So it’s extremely important that, when an application package is first put together, all the Ts are crossed and the Is dotted: the applications are fully filled out, signed and initialed; the previous processing statements are obtained; the bank letters and statements are collected, the business plan and the owner’s passport and resume are supplied, as well as the financial statements for the past two years; if the merchant’s previous merchant account had been terminated, a detailed explanation as per the reasons is obligatory; if the previous merchant account is still active, an explanation as per why a new one is needed must be provided. Each new application is unique, so there are always additional documents that are needed, but the above items constitute the bare minimum. The point is that, when the acquirer we’ve selected for the package at hand takes its first look at the paperwork, they should be immediately convinced that they are dealing with a solid, dependable merchant. Yes, the merchant does operate in a high-risk industry, but is very experienced and resourceful enough to be able to manage the risk. If that is the case, the approval is easily and quickly issued and the terms are as favorable as one could hope for. And yet, should you jump on the first opportunity? If you got one merchant account approval so easily, surely you’d be able to get a second and third one just as easily, right? Well, the answer is “no” and I’ve already touched on the reasons, but let me elaborate.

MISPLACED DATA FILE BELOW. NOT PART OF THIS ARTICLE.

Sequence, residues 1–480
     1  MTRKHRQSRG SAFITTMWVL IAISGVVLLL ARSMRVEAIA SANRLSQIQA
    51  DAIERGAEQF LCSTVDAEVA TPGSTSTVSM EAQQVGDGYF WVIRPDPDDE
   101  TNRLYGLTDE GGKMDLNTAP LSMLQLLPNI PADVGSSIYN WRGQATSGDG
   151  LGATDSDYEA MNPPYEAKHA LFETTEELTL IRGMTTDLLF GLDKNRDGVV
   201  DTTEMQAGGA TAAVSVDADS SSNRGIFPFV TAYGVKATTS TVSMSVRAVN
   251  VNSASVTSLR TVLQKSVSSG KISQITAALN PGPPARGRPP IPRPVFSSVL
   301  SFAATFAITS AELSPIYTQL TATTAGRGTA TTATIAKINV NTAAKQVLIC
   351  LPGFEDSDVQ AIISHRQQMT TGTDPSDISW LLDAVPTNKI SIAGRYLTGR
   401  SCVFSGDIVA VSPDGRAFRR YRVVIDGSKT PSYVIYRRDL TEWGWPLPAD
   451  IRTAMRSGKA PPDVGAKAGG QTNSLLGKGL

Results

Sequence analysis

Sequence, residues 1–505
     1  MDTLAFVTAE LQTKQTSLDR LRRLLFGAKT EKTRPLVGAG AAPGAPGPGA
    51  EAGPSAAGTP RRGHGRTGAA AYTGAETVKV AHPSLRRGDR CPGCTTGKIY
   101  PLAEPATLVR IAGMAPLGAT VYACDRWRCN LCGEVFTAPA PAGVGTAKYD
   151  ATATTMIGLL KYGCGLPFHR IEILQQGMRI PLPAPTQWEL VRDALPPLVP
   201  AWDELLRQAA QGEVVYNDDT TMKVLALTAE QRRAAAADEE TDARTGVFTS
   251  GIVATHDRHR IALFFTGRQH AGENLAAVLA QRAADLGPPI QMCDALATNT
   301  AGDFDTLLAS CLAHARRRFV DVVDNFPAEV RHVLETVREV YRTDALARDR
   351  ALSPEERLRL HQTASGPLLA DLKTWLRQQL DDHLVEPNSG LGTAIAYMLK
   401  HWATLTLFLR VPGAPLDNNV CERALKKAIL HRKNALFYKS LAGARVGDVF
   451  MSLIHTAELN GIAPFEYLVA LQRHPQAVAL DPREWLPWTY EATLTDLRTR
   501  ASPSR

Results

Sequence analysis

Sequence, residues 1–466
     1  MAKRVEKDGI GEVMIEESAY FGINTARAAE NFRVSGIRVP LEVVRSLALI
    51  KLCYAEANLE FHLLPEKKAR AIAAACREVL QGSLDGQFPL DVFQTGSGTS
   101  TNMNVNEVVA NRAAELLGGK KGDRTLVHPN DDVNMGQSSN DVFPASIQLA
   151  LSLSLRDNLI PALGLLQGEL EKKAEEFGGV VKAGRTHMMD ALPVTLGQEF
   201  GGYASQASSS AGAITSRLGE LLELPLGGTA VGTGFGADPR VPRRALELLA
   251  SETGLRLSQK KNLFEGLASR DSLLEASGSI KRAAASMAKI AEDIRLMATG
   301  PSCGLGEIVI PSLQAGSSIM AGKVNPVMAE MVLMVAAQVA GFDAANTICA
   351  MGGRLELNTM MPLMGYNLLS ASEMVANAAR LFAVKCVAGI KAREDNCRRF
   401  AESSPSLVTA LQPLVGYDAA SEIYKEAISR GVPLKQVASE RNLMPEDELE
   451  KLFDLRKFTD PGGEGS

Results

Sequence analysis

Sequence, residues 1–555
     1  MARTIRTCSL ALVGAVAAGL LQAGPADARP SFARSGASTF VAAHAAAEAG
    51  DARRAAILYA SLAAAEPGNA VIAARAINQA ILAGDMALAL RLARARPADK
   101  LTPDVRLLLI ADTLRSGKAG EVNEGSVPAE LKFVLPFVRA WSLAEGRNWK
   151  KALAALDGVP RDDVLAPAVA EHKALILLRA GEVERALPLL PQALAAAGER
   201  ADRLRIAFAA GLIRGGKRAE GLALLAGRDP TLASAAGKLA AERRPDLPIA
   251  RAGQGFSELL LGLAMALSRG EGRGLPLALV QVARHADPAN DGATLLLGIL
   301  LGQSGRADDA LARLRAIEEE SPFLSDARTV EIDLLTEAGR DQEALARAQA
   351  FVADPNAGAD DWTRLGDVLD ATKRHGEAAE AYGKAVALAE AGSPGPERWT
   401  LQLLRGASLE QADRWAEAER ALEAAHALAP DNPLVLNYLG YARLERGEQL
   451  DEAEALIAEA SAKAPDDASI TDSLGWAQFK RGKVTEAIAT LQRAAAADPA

Why Is the Second Approval Different?
So you’ve now turned down your first high-risk merchant account proposal and have instructed your processor to come up with another, for reasons of your own. Well, your processor grudgingly expresses its respect for your decision, dutifully follows up on your request and contacts the next acquirer on its list. As I’ve explained in previous posts, we can’t just contact all of our acquirers at once, because they tend to check up on your business at the same places as everyone else and creating that much traffic tends to indicate, at least in the acquirers’ eyes, desperation on the merchant’s part, which immediately raises suspicions: why is this merchant having so much trouble getting a merchant account if his paperwork looks so good? However, the trouble is that at this stage traffic has already been created.